John Anderson Pins His Presidential Future to Lawyer Mitchell Rogovin's Skill

updated 06/16/1980 AT 01:00 AM EDT

originally published 06/16/1980 AT 01:00 AM EDT

As general counsel to the John Anderson for President Committee, Mitchell Rogovin understands his candidate's strategy. "It is simple," says the 50-year-old Washington attorney. "We just get more votes than the other guys." But the tactics to implement that strategy are anything but simple—and Rogovin is presiding over a nationwide team of lawyers and volunteers whose job is to insure that the Illinois congressman is on every ballot in the nation on November 4. Since most state election laws are written to discourage maverick campaigns like Anderson's, the assignment seems impossible. Rogovin disagrees. "Most of the 50 states and the District of Columbia require petitions," he explains. "Nationwide we'll need about 700,000 signatures. If you have the general support John Anderson has, that's relatively easy."

Yet Rogovin admits that his client is trying something no one has ever dared. Unlike single-issue candidate Eugene McCarthy or third-party candidate George Wallace, Anderson has launched an independent presidential campaign by voter petition. The attempt will get its first real test when courts rule on Rogovin's lawsuits in five states (see box) where Anderson has missed the filing deadline. "There's no question that our biggest fights will be in those states," Rogovin says. A total of 52 electoral votes, out of 538 needed for election, are involved. Even if he wins those battles, Rogovin will face a complicated thicket of regulations elsewhere. In Washington State Anderson must stage a one-day nominating convention drawing at least 159 people. In Virginia he is obliged to name a running mate by September 5. "The one thing you can't generalize about is ballot access," Rogovin says. "Each state is peculiar."

Carter and Reagan loyalists will vie to keep Anderson off the ballot in some states. "We recognize that both major parties are not hospitable to our candidacy," Rogovin says, "especially in states with a large number of electoral votes." Anderson's organizers are trying to collect up to 50 percent more signatures than are required, and Rogovin's volunteer lawyers hope to fend off challenges to their validity. The first will probably come from Carter supporters in New York, where Anderson could draw heavy liberal support from the President. With all his legal troubles, Rogovin last month challenged the U.S. Postal Service in court for allowing the two major party candidates to mail campaign literature for 3.2 cents apiece—while charging Anderson 8.4 cents. The Democratic and Republican parties are granted bulk rates under a 1980 law.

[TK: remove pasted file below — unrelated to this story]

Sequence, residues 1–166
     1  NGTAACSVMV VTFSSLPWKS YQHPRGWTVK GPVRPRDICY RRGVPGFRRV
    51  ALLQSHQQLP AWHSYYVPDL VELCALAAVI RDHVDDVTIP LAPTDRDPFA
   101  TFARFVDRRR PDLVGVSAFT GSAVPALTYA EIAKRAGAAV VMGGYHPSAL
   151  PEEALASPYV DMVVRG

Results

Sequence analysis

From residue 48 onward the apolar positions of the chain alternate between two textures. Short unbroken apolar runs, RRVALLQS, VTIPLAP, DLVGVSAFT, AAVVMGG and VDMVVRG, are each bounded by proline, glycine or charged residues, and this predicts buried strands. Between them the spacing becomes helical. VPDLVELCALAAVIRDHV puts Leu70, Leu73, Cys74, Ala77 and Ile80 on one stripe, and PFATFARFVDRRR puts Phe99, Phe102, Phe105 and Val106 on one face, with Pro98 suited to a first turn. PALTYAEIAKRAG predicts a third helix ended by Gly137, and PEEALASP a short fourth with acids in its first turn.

As Rogovin sees it, his efforts on Anderson's behalf are part of making history, which he has often done since graduating from the University of Virginia Law School in 1954. He entered government service as a fledgling lawyer for the IRS and left it in 1968 as Assistant Attorney General. In 1971 he successfully defended New York Times reporter Neil Sheehan in the Pentagon Papers case, and during Watergate sued CREEP on behalf of Common Cause. Ex-Marine Rogovin also works for the Establishment. He has recently completed a report for the Nuclear Regulatory Commission on the Three Mile Island incident, and during William Colby's tenure as CIA director he was the agency's chief counsel. His most flamboyant client has been Ian Schrager, co-owner of Studio 54, who testified that he had heard White House aide Hamilton Jordan had used cocaine at the now-closed disco. "Just because the special prosecutor's report said there was insufficient evidence to indict Mr. Jordan does not mean that Mr. Schrager was lying," Rogovin says. "I believe my client." (Schrager is now serving three and a half years for federal tax evasion.)

Rogovin has known John Anderson for seven years, since their offspring began socializing in junior high school. Rogovin's wife and two of their three children changed their registration to Republican to vote for Anderson in the D.C. primary. Mitchell remained a Democrat, he says, "out of sloth." He found his old suspicions about the GOP died hard. "When Anderson became an independent," says Rogovin, "I felt more relaxed about his campaign." In the so-far-unlikely event of an Anderson administration, campaign insiders predict Rogovin would be named either chief of staff or Attorney General. He is working without fee and charging the Anderson organization only $95 an hour (instead of the regular $160) for his firm's contributions. Rogovin says the experience is invaluable. "As a lawyer, it's an excellent opportunity to blend constitutional law with the most significant issue of the day—who's going to be President in the next four years."

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